Fiction Fest: A free peek at Lisa Rumsey Harris’ ‘The Unlikely Gift of Treasure Blume’

Unlikely Gift of Treasure Blume_2x3We love our back list titles here at Cedar Fort, and so should you!

Lisa Rumsey Harris’ “The Unlikely Gift of Treasure Blume” was released in November 2012, but don’t let that deter you; the book is another of our high-quality fiction books that is sure to entertain you.

“Witty humor,greatcharacters, and a fun read!” wrote one reviewer recently of the book. “Itconveys an important and timely message about looking past exteriors to find inner beauty.”

About the book:
With her love of sweaters, goofy hair, and awkward manners””not to mention her family curse””Treasure Blume knows love is not in her future. That is, until she matches wits with Dennis Cameron, a divorced chef with a six-year-old daughter. Full of mischief, mayhem, and laugh-out-loud humor, this is an unlikely love story you’ll want to read over and over again!

“The Unlikely Gift of Treasure Blume” is available on, and


Micaela went into the bathroom to change while Miss Treasure stood guard. When she came back, she handed the Ziploc to Miss Treasure who (as agreed) stuck it in her non-descript bag. Together they went back to class. Miss Treasure put the bag in the closet and started math time. She hadn’t even had time to think about the wet-pants episode until right now, with Micaela’s dad staring her down.

“Mr. Cameron, I’m so sorry about the situation with Micaela today. I guess we couldn’t get a hold of you . . .” Treasure started to say, intending to explain that she had handled the situation and that he didn’t need to worry.

But she didn’t get that far before Dennis jumped in. It bugged him that she called him Mr. Cameron instead of Dennis, like he was an old man with a walker. “Well, it’s not like you tried very hard, from what I hear,” said Dennis with heat. “Did you even try to find me? Or did you just hand her off tothe office? Bonnie says she was sobbing, and for Bonnie to notice, it hadto be bad.”

Treasure glanced out the glass rectangle in the door. Micaela was absorbed in her lima bean observations, sitting on the concrete sidewalk. “Of course I took her to the office, Mr. Cameron. That’s school policy.”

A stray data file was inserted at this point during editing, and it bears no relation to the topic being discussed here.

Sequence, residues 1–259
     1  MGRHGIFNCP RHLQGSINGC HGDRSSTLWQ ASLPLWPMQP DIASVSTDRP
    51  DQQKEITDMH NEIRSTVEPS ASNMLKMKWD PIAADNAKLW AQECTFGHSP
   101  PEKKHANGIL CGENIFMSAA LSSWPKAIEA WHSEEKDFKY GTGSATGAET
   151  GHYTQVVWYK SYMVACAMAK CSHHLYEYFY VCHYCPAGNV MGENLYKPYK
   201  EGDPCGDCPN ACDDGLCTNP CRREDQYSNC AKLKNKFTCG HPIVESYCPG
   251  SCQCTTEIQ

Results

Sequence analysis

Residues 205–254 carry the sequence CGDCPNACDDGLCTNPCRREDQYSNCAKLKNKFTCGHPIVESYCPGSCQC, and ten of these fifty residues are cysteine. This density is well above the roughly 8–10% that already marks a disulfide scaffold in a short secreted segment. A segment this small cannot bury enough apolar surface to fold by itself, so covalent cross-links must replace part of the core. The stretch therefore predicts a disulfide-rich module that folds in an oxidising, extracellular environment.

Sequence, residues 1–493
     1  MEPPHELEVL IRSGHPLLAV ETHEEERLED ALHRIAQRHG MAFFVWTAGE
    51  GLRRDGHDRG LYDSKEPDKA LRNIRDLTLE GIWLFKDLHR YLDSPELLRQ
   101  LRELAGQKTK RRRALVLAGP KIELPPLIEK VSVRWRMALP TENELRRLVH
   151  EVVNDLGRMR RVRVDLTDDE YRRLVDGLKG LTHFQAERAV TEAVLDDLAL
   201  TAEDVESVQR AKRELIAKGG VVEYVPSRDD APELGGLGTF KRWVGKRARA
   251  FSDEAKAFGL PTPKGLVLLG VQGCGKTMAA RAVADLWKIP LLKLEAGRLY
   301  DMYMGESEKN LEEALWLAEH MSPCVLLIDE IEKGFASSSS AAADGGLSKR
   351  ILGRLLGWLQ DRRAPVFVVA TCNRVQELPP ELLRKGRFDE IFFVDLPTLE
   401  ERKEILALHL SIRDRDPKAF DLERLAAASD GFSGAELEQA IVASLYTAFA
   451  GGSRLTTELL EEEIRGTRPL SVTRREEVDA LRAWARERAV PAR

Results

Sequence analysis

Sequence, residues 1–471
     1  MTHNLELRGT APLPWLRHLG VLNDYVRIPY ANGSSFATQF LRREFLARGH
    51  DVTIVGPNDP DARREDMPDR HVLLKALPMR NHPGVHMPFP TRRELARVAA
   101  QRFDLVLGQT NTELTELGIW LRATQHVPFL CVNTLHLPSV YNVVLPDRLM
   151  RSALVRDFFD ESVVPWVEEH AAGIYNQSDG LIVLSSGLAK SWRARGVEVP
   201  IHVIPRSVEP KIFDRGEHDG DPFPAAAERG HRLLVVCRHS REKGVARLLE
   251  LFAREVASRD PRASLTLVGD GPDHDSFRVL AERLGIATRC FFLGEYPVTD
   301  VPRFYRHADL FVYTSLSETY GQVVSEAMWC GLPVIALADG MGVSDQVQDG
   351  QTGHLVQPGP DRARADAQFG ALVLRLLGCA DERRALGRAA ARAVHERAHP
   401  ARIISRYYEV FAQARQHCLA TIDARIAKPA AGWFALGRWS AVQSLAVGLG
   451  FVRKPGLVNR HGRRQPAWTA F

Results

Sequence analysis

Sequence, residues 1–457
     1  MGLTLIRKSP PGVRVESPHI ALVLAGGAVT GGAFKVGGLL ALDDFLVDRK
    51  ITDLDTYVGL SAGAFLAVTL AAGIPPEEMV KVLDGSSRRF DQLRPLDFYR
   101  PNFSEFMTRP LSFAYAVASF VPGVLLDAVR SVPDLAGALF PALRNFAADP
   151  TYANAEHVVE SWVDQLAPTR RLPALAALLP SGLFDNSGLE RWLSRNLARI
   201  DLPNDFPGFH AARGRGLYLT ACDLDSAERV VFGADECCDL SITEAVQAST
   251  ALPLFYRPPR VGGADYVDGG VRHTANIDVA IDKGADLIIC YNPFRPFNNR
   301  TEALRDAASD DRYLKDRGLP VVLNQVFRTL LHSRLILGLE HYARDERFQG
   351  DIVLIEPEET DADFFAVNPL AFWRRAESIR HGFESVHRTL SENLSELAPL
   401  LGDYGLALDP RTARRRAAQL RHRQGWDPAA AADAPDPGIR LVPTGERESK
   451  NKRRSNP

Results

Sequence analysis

“I don’t give a flip about policy. I care about my daughter, and obviously, you don’t.”

So that’s the way it’s going to be, is it? thought Treasure. It wasn’t an unfamiliar scenario. People often accused her of their own inadequacies. Projection. Her father had taught her the term.

“She trusted you, and you betrayed her . . .” Dennis said.

At this point, Treasure went icy. Accused of betrayal and buying the children’s affections in the same day? She wasn’t going to apologize for doing her job. And frankly, she was not in need of another verbal beating right now. “I’m sure I don’t know what you’re talking about. I do care about your daughter, and I didn’t betray her, but obviously, you feel that you did,” Treasure said.

“How I feel is none of your business,” said Dennis. He felt his ears turning red. Most likely, they’ ll explode off my head, he thought.

Reacting to his obvious anger, Treasure began to blurt. “And obviously, based on your response time, you must not have thought it was much of an emergency at all.”

Dennis was too mad to speak. He sputtered, trying to begin several sentences, unable to get them out. “Don’t tell me to . . . You have noright . . . Of course I . . .”

Luckily, it gave Treasure time to imagine her mental duck. I am a duck’s back, she mentally intoned. These words roll off me like water. She drew a deep breath and started to speak in a low tone. “We took care of the problem. You’d know that if you had taken the time to talk to Micaela before you barged in here. Did you even speak to her?”

Treasure looked at him, waiting for him to spit out the venom that was clearly pooling in his throat. She wasn’t angry anymore. Instead she was a little bit sad. She’d liked this man. She always chose his line for lunch, eager to see how he arranged the food on her tray. Based on his platingalone, he was more suited to Kitchen Stadium than the lunchroom.

With a nearly convulsive effort, Dennis swallowed and closed his eyes. He raised his hands and drew them through his surprisingly thick hair. Treasure had never seen it outside of a hair net before. It was nice: reddish brown and shaggy, a bit like the ears on an Irish setter. Then he looked up at her: “I want you to know that I blame you for this.”

Not the first time I’ve heard that, thought Treasure, but instead she drew herself up and mustered all the dignity she could. “For what, Mr. Cameron? For the small capacity of children’s bladders?”

“Yes,” said Dennis, “and for poisoning her against lima beans. If she won’t eat them, I’m holding you accountable.” And with that, he slapped the top of a desk and left the room.